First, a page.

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J Cardiovasc Risk. 2001 Apr;8(2):109-17.

The duration of the association between serum cholesterol and coronary mortality: a 35-year experience.

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  • 1Division of Epidemiology, University of Minnesota, Minneapolis, Minnesota, USA.



Our purpose was to study the time-related association between a single measurement of total serum cholesterol and the occurrence of coronary deaths in a population sample of middle-aged men.


This is a longitudinal population study with multiple measurements of serum cholesterol and a 35-year follow-up for coronary mortality in 1622 coronary disease-free men aged 40-59 years belonging to the Italian rural cohorts of the Seven Countries Study.


A single measurement of serum cholesterol (plus those of five other risk factors as possible confounders) was considered. During 35 years of follow-up, 214 men died from coronary heart disease. Annual partitioned proportional hazards models were solved, one for each independent year of follow-up, to predict the risk of coronary heart disease deaths. Single-year hazard functions were cumulated and smoothed. Similar analyses were made starting from cholesterol measurements taken at years 5, 10 and 20 of follow-up.


The resulting hazard curves showed regularly increasing risk for coronary events and fitted straight lines with large correlation coefficients, demonstrating a strong association of serum cholesterol with both early and late events. The slopes were steeper for cholesterol measurements taken at younger ages. The slope for cholesterol measurement taken at year 20 (age 60-84 years) was flat. In slopes starting at an early age, two components could be isolated corresponding to different associations with events (stronger for early events when measurements were taken around the age of 50 years and for late events when measurements were taken around the age of 55 or 60 years).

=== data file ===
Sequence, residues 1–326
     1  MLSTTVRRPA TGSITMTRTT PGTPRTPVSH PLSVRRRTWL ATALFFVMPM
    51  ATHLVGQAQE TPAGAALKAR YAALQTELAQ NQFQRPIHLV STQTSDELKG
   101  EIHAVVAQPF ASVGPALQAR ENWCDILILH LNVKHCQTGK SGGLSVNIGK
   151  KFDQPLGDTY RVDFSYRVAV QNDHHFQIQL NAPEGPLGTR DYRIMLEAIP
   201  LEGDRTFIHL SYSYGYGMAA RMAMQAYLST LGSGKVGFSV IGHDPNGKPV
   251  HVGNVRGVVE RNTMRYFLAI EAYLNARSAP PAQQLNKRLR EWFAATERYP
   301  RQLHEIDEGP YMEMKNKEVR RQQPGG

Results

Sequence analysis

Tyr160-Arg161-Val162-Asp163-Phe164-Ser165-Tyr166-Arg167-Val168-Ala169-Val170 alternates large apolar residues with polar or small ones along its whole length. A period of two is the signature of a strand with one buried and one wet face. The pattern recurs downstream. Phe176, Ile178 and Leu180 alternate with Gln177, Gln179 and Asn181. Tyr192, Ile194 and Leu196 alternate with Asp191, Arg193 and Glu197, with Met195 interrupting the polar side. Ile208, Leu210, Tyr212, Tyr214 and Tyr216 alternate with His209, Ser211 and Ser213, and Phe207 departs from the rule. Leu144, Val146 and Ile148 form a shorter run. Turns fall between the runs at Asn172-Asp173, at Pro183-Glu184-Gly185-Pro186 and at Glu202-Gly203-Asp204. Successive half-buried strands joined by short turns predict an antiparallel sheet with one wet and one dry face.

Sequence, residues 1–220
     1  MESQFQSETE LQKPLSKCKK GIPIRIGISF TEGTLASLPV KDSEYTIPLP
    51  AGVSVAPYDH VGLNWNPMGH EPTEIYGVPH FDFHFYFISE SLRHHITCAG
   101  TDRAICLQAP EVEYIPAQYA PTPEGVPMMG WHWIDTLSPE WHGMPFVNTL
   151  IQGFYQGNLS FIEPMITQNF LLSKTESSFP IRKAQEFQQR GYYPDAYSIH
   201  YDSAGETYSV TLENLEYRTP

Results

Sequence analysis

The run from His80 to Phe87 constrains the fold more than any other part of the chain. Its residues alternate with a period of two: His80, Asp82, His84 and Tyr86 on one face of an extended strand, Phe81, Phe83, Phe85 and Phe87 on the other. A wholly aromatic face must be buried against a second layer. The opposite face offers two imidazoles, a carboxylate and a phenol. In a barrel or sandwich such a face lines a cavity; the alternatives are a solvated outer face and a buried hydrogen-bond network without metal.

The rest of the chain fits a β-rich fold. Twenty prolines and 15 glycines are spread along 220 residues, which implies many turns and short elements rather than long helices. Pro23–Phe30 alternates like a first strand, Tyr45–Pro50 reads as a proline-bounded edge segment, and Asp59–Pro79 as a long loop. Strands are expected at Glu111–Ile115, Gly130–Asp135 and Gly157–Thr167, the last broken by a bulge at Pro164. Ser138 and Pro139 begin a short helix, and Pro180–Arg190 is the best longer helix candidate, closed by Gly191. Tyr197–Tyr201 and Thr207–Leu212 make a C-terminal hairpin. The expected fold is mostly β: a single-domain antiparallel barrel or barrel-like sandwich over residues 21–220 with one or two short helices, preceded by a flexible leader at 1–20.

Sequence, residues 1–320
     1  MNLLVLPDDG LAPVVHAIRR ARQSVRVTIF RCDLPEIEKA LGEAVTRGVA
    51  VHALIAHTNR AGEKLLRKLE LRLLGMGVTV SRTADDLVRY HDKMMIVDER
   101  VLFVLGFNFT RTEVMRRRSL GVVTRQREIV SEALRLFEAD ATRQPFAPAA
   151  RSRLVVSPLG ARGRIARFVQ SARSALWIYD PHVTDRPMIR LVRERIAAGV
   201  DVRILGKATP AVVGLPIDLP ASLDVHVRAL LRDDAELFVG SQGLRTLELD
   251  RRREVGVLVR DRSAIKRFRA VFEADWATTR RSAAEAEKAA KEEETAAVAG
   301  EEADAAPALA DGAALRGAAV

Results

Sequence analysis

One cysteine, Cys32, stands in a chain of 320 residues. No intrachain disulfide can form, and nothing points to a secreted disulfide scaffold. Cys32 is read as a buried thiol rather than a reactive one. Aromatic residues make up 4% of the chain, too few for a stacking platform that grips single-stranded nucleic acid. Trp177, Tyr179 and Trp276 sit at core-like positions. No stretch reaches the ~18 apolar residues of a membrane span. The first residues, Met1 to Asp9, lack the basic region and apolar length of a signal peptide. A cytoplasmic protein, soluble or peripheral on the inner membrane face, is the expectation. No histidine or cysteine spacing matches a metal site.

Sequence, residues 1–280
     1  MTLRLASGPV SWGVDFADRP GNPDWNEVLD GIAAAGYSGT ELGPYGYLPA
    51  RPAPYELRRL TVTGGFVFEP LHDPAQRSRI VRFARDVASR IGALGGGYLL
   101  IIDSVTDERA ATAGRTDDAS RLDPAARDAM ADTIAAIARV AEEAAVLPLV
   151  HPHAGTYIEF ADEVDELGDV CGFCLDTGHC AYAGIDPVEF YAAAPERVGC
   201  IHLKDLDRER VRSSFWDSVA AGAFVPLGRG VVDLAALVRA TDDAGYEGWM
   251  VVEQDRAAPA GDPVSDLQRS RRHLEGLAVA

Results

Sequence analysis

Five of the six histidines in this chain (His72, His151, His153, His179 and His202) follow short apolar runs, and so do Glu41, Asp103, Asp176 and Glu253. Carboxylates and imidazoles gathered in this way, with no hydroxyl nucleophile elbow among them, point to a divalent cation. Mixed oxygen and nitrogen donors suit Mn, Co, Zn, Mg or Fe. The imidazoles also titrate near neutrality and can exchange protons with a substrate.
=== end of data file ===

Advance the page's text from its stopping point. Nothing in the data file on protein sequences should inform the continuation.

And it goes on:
A single measurement of total serum cholesterol in middle-aged men maintains a relatively monotone relationship with the occurrence of coronary heart disease deaths over 35 years. In the study population, measurements taken in late adulthood had smaller or null association with coronary disease deaths.

[PubMed - indexed for MEDLINE]
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